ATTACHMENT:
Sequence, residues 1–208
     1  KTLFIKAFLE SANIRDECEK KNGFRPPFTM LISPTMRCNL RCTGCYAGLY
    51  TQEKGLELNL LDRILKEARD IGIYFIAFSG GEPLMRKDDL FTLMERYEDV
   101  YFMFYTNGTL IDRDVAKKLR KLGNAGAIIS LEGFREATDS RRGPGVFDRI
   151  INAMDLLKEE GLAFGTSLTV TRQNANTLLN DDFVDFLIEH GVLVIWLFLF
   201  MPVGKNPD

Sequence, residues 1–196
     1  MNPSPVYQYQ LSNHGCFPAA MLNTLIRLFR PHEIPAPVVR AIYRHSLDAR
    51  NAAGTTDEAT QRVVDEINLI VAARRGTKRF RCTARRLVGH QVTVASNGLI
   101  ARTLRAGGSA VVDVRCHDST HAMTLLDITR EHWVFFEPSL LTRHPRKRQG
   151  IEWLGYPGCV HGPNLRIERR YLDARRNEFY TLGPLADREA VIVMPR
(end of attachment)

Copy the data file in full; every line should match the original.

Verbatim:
Sequence, residues 1–208
     1  KTLFIKAFLE SANIRDECEK KNGFRPPFTM LISPTMRCNL RCTGCYAGLY
    51  TQEKGLELNL LDRILKEARD IGIYFIAFSG GEPLMRKDDL FTLMERYEDV
   101  YFMFYTNGTL IDRDVAKKLR KLGNAGAIIS LEGFREATDS RRGPGVFDRI
   151  INAMDLLKEE GLAFGTSLTV TRQNANTLLN DDFVDFLIEH GVLVIWLFLF
   201  MPVGKNPD

Sequence, residues 1–196
     1  MNPSPVYQYQ LSNHGCFPAA MLNTLIRLFR PHEIPAPVVR AIYRHSLDAR
    51  NAAGTTDEAT QRVVDEINLI VAARRGTKRF RCTARRLVGH QVTVASNGLI
   101  ARTLRAGGSA VVDVRCHDST HAMTLLDITR EHWVFFEPSL LTRHPRKRQG
   151  IEWLGYPGCV HGPNLRIERR YLDARRNEFY TLGPLADREA VIVMPR